7 Ways Parents Can Fight Back Against Children’s Colds or Flu
Despite your best efforts, your child is bound to get a cold or flu at some point early in their life, which can be upsetting and unnerving for you as a parent. However, it’s important to not panic and take a rational approach to handling the situation.
A flu is a manageable illness, but can require a doctor’s intervention if symptoms spike or are prolonged. However, here are seven steps you can take to ensure your child’s cold or flu is handled properly at home…
1. Check their Temperature
You may think your child has the flu, but let the thermometer make the decision for you. While your child may be vomiting or displaying other flu-like symptoms, it doesn’t automatically mean it’s influenza.
WebMD notes that a child who has the flu will have a “high-grade” fever of up to 104 F. However, his or her temperature only has to be 100.4 F or higher to have a fever (which is not a symptom of a common cold).
2. Hydrate your Child
Babies and toddlers can get dehydrated easier than you, so you should pay particular attention to this if they’re showing signs of cold or flu. Fever can cause children to lose large amounts of salt and water, according to Kidshealth.org.
Vomiting and sweating will definitely contribute to dehydration risk. The online source says to watch for sticky mouth, tearless crying, decreased urination, and skin that’s cool to the touch as signs he or she needs water – pronto. If the child is having trouble drinking fluids due to sore throat, try some over-the-counter painkillers for children to help.
3. Make Meals Easier to Eat
Toddlers with a normally healthy appetite can simply stop eating solid foods when they’re running a fever or have a bad cold. Today’s Parent magazine has suggestions for foods that are not only easy on a baby’s upset tummy, but can also fight colds and flu.
Some of the suggestions include kiwi fruit, which is easy to chew and is loaded with vitamins to help your child’s immune system kick into high gear. Yogurt is another healthy option that’s easy to swallow, noted the magazine.
4. Unblock Breathing
Just like our noses, little noses can get stuffed up in children battling a cold or flu. This can be especially tough on a breastfeeding child who will be using their mouth to feed, and won’t have it free to take in air.
Healthline.com suggests using a cool-mist humidifier in your child’s room to help gently break up the congestion. You can use a saline (salt) spray to help loosen mucus followed by a bulb syringe to remove the blockage, but the site warns against using medicated nasal sprays.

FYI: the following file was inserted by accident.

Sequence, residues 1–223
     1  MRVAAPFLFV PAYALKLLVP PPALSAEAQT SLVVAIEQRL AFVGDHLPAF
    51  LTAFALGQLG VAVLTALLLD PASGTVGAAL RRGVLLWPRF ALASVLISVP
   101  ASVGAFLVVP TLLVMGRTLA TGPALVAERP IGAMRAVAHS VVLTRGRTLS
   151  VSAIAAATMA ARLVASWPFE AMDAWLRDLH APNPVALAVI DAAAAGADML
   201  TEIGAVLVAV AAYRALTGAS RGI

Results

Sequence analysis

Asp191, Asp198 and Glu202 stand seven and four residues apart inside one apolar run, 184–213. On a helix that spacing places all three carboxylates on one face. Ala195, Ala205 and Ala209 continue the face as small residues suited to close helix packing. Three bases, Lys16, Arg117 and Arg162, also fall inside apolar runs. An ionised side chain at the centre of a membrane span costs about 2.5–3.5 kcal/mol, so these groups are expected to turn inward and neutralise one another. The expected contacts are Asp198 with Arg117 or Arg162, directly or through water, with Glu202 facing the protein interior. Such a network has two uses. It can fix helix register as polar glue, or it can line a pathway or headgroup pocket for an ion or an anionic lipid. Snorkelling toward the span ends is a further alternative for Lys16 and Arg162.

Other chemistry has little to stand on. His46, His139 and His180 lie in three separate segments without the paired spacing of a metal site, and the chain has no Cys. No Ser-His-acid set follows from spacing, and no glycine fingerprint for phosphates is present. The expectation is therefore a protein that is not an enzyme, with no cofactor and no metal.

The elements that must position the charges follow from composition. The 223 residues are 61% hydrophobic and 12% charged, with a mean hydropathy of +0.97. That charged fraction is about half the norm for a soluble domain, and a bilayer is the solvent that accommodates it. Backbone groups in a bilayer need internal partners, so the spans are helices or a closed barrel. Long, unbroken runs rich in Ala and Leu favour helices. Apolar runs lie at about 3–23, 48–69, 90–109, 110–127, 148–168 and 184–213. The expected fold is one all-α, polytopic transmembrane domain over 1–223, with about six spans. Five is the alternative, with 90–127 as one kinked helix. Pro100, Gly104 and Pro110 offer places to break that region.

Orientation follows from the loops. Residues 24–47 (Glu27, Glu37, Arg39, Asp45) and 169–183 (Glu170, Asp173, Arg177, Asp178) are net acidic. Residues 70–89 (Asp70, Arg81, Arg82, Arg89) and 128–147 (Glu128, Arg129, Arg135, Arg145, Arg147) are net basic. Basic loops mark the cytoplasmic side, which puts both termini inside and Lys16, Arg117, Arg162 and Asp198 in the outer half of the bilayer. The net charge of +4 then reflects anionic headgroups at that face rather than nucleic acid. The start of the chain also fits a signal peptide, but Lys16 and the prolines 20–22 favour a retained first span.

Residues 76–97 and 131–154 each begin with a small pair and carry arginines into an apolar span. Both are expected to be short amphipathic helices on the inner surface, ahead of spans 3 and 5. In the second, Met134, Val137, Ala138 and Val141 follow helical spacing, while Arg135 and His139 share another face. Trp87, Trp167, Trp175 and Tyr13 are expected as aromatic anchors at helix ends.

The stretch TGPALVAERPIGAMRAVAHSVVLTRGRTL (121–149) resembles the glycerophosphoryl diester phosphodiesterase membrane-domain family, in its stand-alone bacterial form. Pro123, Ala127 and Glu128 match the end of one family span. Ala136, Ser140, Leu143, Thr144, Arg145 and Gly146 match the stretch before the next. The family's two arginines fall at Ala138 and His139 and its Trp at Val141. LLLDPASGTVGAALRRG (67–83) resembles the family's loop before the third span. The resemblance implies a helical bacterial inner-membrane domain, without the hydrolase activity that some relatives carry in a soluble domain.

5. Don’t Toy with Sharing
Germs are a big part of cold or flu, and those germs love to tag a ride on anything they can find to reach the next person. Parents.com warns that your children shouldn’t be sharing toys with siblings or friends if one of them is sick.
This rule also goes for any towels or toothbrushes, adds the site. It notes that cutting down on cuddles is part of the “no contact” philosophy, although this is especially tough when your child seems to need more TLC. Try coming up with signs and signals (like blowing kisses) to show your child you love them, or just verbalize the words more often, it suggests.
6. Declare War on Infected Surfaces
There’s no telling what other surfaces your child may have touched or sneezed on, so it’s best to break out the disinfectant and use it liberally. The Environmental Protection Agency (EPA) has a list of registered disinfectants that are proven to be effective against certain pathogens that cause illness.
Don’t spare any surface when cleaning – wear gloves and tackle places like phones, toilets, television remotes and door handles. You may have to repeat this process more than once a day if your child is still active throughout the home, but it’ll be worth it to prevent others from getting ill.
7. Prevention is the Best Remedy
Of course, the best scenario is helping your child avoid becoming sick in the first place. WebMD suggests proper hygiene and the flu vaccine are the “two big weapons” against sickness.
This means teaching your child the importance of hand washing, especially before eating. Teaching them to sneeze into the crook of their elbow or a tissue is also an effective strategy. To help accustom children to good hygiene, you can reward them with stickers, notes the source.
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